Megabench: You've never seen a seat like this before

City of North Vancouver unveils massive bench at the foot of Lonsdale Avenue

Sometimes all that a big idea needs to become a big success is an epic name to match.

Behold, then, a big idea that has taken shape on the North Vancouver waterfront, enhanced even more by a truly cool name: Megabench.

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More than 1,000 red cedar boards make up the structure, smoothly twisted and shaped into a 48-metre-long bench perched on the edge of Burrard Inlet with views of the Vancouver skyline ahead, the Spirit Trail passing just behind, and warmed by the shine coming off the soon-to-be-completed Presentation House Gallery. This is Megabench.  

“The name fit,” said designer Doug Shearer with a laugh. “We just realized we wanted to have a big, bold, emphatic statement on the waterfront, and so ‘mega’ came to mind.”

Shearer and his team at Vancouver-based landscape architecture and urban design firm Hapa Collaborative were hired by the City of North Vancouver to design the bold bench after CNV staffers were told to think big during public consultation sessions about the waterfront project.

Staffers started calling the project Megabench early in the design process.

“It was a literal description of what it is, and it stuck, because it’s fun, and it totally describes what this thing is,” said Heather Reinhold, manager of strategic initiatives for the city. “It was really about having the best seat in the house for the public.”

The bench was unveiled at the foot of Lonsdale Avenue earlier this month and, even though it is currently tucked away behind a couple of construction zones, it has already gotten a workout from visitors keen to sit, lie down, play, eat, drink and generally be merry on it.

“People seem to be drawn to it,” said Shearer, adding that it was a thrill to sit back and watch visitors move in and make themselves at home in many different ways. “That’s the cool thing – we want people to use it however they want. We didn’t want to be too prescriptive. We didn’t want your typical park bench where two people can sit down and they stare a certain way and they put their back against this part. We wanted people to lie on it, sit on it, have a picnic on it. Some people have lain upside down with their feet up on the slanty bits. They’ve put their feet up on top and hung their heads towards the water.”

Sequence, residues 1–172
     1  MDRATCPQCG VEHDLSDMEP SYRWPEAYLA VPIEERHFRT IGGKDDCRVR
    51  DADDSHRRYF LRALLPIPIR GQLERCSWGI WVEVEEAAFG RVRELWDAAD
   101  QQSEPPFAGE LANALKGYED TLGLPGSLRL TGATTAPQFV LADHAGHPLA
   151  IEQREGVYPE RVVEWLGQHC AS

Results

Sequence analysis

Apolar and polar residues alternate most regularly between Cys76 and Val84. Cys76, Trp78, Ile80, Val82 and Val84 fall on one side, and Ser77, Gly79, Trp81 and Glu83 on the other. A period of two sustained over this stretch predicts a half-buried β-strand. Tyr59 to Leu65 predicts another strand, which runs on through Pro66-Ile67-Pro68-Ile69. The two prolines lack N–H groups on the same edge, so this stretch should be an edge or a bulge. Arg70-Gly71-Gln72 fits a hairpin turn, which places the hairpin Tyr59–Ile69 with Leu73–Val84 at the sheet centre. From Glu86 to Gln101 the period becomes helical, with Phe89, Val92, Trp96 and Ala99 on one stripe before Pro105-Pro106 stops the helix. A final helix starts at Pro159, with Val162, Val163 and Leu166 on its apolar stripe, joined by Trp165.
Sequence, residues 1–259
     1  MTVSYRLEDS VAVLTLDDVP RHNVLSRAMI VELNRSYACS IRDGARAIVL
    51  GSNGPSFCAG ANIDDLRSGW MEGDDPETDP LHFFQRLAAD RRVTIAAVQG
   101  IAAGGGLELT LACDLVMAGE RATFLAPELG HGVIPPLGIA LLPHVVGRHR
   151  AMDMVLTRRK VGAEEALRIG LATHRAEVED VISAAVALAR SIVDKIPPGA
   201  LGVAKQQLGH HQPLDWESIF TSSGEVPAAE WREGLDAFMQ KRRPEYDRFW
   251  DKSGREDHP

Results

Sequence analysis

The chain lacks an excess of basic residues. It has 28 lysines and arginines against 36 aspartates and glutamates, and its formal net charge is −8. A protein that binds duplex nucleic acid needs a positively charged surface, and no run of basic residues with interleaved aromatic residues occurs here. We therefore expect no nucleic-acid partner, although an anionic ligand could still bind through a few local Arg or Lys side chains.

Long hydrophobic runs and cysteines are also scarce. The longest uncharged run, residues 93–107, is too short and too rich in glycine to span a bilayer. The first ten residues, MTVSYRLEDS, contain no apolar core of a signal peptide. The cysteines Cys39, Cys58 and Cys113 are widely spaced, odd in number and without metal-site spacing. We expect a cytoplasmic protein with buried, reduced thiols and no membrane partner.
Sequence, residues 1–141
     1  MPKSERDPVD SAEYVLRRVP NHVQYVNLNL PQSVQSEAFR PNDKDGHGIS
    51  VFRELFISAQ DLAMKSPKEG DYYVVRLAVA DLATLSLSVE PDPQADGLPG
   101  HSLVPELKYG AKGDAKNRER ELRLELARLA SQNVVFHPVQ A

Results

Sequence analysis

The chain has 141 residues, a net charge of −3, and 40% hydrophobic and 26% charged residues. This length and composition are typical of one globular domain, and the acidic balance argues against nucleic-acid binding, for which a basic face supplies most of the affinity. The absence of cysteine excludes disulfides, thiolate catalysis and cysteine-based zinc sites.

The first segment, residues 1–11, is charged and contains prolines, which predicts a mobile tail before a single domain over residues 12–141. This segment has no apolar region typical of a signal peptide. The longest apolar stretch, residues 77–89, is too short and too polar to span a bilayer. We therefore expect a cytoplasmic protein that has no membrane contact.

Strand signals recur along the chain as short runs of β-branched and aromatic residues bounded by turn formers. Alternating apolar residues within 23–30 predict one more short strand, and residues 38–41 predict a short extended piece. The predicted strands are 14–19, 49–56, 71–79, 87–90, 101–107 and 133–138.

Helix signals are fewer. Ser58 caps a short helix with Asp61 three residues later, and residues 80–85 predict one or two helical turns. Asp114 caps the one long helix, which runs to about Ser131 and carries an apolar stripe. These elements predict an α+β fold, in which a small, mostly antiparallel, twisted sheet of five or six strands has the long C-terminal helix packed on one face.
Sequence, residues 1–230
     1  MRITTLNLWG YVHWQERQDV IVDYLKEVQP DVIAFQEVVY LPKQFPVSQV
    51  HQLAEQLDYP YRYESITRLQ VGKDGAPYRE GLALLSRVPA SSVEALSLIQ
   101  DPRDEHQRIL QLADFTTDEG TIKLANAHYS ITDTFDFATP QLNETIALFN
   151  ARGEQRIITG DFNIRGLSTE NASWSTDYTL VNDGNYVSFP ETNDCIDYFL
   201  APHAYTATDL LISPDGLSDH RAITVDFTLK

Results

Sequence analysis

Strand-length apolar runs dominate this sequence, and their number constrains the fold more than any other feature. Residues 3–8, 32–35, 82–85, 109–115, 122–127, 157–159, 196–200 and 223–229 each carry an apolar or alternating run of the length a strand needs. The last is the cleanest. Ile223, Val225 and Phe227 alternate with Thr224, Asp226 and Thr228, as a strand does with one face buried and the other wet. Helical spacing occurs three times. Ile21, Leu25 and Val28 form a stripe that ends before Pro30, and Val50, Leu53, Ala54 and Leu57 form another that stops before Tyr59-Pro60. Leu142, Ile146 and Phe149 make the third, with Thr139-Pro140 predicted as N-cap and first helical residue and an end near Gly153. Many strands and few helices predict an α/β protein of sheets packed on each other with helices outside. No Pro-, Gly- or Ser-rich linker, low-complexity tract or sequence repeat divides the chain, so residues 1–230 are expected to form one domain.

The boards are all of similar size and all straight as an arrow. Half of the bench follows a traditional flat-bottom design while the other half uses gradual ebbs and flows to create molded spaces to sit, lie down and play.

“The boards rise and fall and the angles that they hit each other change, so that even though every member is straight and none of the cuts is very complicated, the combined effect is this very fluid, sort of curvilinear almost organic effect when you see the whole thing together,” said Shearer, adding that unique, funky public projects like this are a designer’s dream.

“It’s really what we’re doing this for – to do something that will reach a large number of people, that really makes a place joyful to inhabit,” he said. “We’re super happy.”

They’re not done yet either. Hapa Collaborative is busy working on more amenities that will complete Phase 2 of the city’s waterfront project, including a large plaza and water feature that will sit beside the gallery, right behind Megabench.

“Stay tuned because there’s going to be more cool stuff down there,” said Shearer. “I hope it’s going to be spectacular. I really think that whole Quay area, the waterfront in the City of North Van is really dynamic. It’s one of the more interesting urban spaces in the Lower Mainland.”

Shearer also applauded the city for supporting unique urban design and doing something bold.

“I think it’s super important and I think it’s an attractor for people,” he said. “It’s why people put up with the high cost of living here, and the rain and everything. It’s a great place to live, and kudos to the city because really these things don’t happen unless the owner and the client have the vision and the tenacity to be bold and try something a bit risky like this.”

The bench is open for public use. Come down and try it. Bring a friend. Or 100 friends.

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